To go back to Miliband, despite the similarities between his rhetoric and Attlee's, he has even less to offer to the working class. If and when Labour returns to office, it will be as the successor of Blair's and Brown's governments, under whose watch the welfare system became an instrument for turning the screw on the jobless and forcing them into casualised employment, while NHS reforms were used as a cover for backdoor privatisation. And since Miliband has no plans to increase the state's social expenditure nor to get British capital to foot the bill for its crisis, it won't do anything to restore the already badly damaged parts of the welfare state. His government will definitely not be a "great reforming government", as Miliband would like workers to believe, but an axeman on behalf of British capital.
Warning against what Miliband's Labour has in store for the working class is a necessity. But exposing Miliband's policies without warning against the myths peddled by Labour about its past record, such as the myth of the "spirit of 1945", is just fuelling illusions within workers' ranks - illusions that the working class just cannot afford to have at a time when it is under such systematic attacks from the capitalist class and its politicians in office. And, yes, it is high time those who claim to fight in the name of the interests of the working class, told the working class the truth about this period of its history.
The party that the working class needs
As mentioned before, the present "left alternatives" to Labour initiatives all show a similar soft spot for so-called "left" trade-union leaders. So one may wonder what these "left" union leaders really represent politically. And, to answer this question, it is necessary to look closer at the relationship between the union machineries, the Labour party and the working class.
In the run-up to the conference season the media - especially the Tory press - showed a lot of interest in an alleged "rift" between "Red Ed" Miliband and the leading circles of the union machineries. This originated in the Falkirk saga, last May, after police were called in by Labour's national headquarters against the local Unite branch over its role in a Labour candidate reselection process. Then, in September, the GMB's general secretary Paul Kenny announced a cut in the number of the GMB's Labour-affiliated members, from 420,000 to 50,000 - and a corresponding £1.1m cut in the GMB's party contribution. Commentators saw this as further evidence of a "split" between Miliband and the unions. But was it?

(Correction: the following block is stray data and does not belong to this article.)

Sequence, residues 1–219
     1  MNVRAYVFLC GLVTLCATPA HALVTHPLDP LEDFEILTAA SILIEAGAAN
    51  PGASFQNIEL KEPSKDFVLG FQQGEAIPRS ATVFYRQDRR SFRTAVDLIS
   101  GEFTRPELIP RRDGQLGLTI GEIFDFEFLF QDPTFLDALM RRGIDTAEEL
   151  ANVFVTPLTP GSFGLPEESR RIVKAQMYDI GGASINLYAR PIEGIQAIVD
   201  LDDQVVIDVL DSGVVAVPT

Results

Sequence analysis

As it happened, Kenny's announcement fitted in perfectly with Miliband's plans to tweak Labour's image. Indeed Miliband had declared ahead of the TUC conference that the members of Labour-affiliated unions should join the party as individuals, not automatically. And this was what Kenny was delivering.
In fact, there again, Miliband is just following the same trajectory which was initiated by his predecessors and the union machineries are, by and large, supporting him, just as they supported his predecessors.
It was back in 1993 that the then Labour leader John Smith ended the trade-union block vote in Labour party elections. Instead, a 3-college electoral system was put in place, in which MPs, constituency party members and members of affiliated unions voted separately in party elections, but on a "one member-one vote" basis. The aim of the exercise was never to introduce any kind of democracy within the party, since this system gave each MP around 600 times more say than other members. Its real aim was, rather, to try to rub out what was left of Labour's historical roots in the working class movement, in order to make it appear more like a "normal" bourgeois party - and all the more so, as, politically, it had played that role ever since it was offered seats in the cabinet, during World War I. On the whole, John Smith's move was not resisted by the union leaders, partly because it did not really change anything with regard to their real influence at the top of the party, and partly because they hoped, just as John Smith did, that this would help to boost the party's electoral prospects among petty-bourgeois voters.